Monday, December 19, 2005

Islands Of Nationalism And Workers' Rights In Times Of Globalization And Destroyed Pension Benefits

"[In Belarus] models who appear in public advertisements - whether on billboards, on television, in newspapers or magazines - must now be Belarussian.

"Photograph ours there and let them advertise the watches of our factories and imported watches, too," [Belarus President Alexandr] Lukashenko said. "Let them pay our girls." ...

Companies with well-planned promotional campaigns also had to scramble to comply, often by significantly revising their ads. "We have had difficulties in getting models for shoots," said Raman Lapchuk, an account manager for Hepta Group Publicis, an advertising agency here that represents such international companies as Renault, L'Oréal and Hewlett-Packard.

In some cases, he said, "We just used images without humans." ...

Not long ago, [the Belarussian President] decreed that at least 75 percent of songs played on radio stations must be Belarussian. It was an autocratic whim, perhaps, but one that was popular among musicians who received more exposure on the air.

"Each system has its own logic," said Pavel Daneyko, director of the Institution for Privatization and Management, a private consulting agency....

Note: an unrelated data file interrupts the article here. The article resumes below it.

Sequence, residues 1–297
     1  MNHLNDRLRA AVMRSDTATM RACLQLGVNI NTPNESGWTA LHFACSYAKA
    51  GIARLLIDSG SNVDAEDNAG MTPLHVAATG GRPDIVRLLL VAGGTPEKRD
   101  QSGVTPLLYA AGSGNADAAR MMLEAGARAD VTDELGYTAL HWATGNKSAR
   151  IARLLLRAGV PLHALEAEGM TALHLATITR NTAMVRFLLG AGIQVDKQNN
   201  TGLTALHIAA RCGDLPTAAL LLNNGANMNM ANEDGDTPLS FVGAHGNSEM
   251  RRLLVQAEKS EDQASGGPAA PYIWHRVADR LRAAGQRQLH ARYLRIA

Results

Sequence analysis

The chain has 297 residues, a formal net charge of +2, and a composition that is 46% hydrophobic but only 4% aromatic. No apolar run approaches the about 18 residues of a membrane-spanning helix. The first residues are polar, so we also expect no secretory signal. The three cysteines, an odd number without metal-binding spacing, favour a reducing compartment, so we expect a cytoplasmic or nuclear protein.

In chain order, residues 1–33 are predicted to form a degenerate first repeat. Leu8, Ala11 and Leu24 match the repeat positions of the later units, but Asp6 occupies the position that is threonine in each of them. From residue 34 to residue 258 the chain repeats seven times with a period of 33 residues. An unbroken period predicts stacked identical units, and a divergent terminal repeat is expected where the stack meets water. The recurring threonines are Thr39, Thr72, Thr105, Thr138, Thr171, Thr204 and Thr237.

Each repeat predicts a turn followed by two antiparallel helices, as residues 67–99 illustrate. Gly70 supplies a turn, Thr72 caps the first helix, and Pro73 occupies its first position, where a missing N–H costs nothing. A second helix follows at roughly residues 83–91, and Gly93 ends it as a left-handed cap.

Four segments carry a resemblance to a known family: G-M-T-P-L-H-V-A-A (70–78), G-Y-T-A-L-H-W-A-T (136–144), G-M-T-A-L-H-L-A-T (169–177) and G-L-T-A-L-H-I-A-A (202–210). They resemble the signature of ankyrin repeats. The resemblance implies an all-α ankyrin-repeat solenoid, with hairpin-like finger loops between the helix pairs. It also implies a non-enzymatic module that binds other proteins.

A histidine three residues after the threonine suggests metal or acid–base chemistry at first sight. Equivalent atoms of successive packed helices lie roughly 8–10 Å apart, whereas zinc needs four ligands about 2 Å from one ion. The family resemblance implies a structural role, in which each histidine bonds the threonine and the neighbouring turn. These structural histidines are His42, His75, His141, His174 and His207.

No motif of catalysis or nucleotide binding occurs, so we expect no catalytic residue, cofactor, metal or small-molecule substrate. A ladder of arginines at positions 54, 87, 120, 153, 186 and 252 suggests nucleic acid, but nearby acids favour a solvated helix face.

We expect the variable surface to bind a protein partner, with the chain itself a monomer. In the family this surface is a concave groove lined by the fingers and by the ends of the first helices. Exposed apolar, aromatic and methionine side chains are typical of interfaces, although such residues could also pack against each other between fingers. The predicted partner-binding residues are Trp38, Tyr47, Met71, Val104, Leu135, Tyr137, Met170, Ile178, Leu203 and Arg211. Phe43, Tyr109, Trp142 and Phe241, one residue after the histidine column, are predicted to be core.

Mr. Lukashenko's decree on models has support.

Olga V. Seryozhnikova, director of the National School of Beauty, said the law had brought order to a chaotic, at times exploitive, industry. Instead of using foreign models on ads typically prepared abroad, companies must now hire locals, at $25 to $50 a shoot.

More importantly, said Ms. Seryozhnikova, who is a former model, those in the business now have a formal title in the country's Soviet-like labor classifications. They are now called "models (clothing demonstrators)," with what was and is again known as a labor record, a necessity to receive a pension later in life."

Steven Lee Myers "Minsk Journal - French Faces, Farewell: Belarus Has Beauties of Its Own" New York Times December 19, 2005.

Main Post Office, Minsk, Belarus. Completed during the reconstruction of Minsk, in the 1950s, following near total destruction of the city by the Nazis in 1941-1944.

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